So yes, different things and points resonate with different audiences, but as a general rule, across all audiences, there is the deep need to understand, and an almost eagerness to do something.

Taking it one step further: advocacy

Not only do I speak about climate science to all types of audiences, while doing that I am in fact advocating for science to be used in policymaking, in resilience building, and in pretty much everything that needs to be evidence-based and that at the same time is of direct interest for that audience, like sea level rise on the Eastern Shore of Maryland and Southern Louisiana or extreme heat in Arizona.

Back in 2016-2017 some controversy started about scientists being advocates–is it good, is it not? Do scientists lose credibility when they advocate for science or for a cause? Some scientists vocally said so. The clear answer is no. On the contrary, we need to put our voices out on the issues that most concern us, because who better to add their voice to a cause than someone who works with the issue?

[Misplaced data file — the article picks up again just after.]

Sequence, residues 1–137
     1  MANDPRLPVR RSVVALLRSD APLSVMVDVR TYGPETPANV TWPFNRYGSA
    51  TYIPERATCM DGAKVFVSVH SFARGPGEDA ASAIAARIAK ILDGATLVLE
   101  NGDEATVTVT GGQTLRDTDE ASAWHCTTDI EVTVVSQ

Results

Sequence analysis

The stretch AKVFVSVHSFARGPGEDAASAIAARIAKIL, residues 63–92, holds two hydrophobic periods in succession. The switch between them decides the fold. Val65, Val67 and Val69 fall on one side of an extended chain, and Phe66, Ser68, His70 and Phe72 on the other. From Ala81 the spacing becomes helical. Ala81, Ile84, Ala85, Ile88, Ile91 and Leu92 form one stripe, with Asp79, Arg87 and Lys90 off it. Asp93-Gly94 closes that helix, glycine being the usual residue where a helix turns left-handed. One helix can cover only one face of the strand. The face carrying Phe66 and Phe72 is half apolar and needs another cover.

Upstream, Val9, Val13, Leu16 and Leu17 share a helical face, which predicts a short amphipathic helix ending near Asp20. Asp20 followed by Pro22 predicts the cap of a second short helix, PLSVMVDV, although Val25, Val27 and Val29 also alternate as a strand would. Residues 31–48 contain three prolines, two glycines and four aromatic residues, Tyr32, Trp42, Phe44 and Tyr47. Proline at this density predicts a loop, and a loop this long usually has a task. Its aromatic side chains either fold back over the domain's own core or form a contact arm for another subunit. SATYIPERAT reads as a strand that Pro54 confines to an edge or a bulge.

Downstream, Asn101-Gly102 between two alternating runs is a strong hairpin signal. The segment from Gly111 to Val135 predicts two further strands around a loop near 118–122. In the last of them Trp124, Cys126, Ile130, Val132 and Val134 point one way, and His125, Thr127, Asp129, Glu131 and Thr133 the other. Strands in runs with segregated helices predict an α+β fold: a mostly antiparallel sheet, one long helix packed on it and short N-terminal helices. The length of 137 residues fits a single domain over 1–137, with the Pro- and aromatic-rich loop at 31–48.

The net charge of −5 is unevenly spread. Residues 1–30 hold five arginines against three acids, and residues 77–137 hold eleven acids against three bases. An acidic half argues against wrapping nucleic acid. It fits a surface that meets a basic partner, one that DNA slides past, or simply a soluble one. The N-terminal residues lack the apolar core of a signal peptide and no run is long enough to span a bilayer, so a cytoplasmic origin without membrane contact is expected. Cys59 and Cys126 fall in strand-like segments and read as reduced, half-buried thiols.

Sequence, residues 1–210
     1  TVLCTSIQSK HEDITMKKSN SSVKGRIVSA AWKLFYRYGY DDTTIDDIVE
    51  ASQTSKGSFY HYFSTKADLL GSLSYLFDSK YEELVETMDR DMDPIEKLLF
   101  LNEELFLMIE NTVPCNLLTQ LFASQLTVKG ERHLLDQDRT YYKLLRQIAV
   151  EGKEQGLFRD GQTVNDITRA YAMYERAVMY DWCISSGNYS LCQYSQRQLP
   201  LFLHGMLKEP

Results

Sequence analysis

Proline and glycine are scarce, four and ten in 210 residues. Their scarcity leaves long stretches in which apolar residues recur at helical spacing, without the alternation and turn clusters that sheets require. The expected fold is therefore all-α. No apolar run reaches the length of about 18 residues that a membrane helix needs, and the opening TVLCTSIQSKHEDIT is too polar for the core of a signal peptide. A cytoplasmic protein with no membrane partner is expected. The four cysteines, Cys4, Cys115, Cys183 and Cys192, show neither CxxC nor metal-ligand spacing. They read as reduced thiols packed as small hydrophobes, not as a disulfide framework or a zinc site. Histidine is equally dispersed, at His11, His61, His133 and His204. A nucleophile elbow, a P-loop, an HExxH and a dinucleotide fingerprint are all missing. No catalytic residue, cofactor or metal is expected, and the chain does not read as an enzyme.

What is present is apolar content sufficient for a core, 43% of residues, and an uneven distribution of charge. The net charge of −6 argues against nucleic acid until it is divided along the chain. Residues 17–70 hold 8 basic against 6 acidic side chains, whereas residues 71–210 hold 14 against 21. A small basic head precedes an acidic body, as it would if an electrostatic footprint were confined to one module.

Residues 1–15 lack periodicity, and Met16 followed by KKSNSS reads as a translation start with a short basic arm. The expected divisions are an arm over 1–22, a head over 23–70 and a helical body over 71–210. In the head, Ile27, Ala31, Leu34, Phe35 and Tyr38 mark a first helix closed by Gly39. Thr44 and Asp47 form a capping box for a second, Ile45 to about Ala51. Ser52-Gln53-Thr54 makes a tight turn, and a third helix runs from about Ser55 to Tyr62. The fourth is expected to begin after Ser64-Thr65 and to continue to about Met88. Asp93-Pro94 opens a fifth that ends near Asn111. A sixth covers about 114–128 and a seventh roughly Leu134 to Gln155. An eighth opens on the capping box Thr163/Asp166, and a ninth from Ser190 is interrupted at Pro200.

I am also passionate about climate justice. I use my voice to bring awareness to climate injustices and disproportionate climate impacts on low-income and minority communities. I regularly travel to communities being directly and heavily impacted by sea level rise, extreme heat, and flooding. I engage with local leaders to bring them the scientific resources and extra capacity they need to further their resilience and adaptation goals, all the while learning a lot from them. Nobody is a better expert at a place than the local community.

So, go out there, talk about it, be loud, be passionate, be an ally and a partner, add your voice to the cries for justice, for the fight against climate change, for science- and evidence-based policies, and for a healthier environment for all! Happy Earth Day/Week!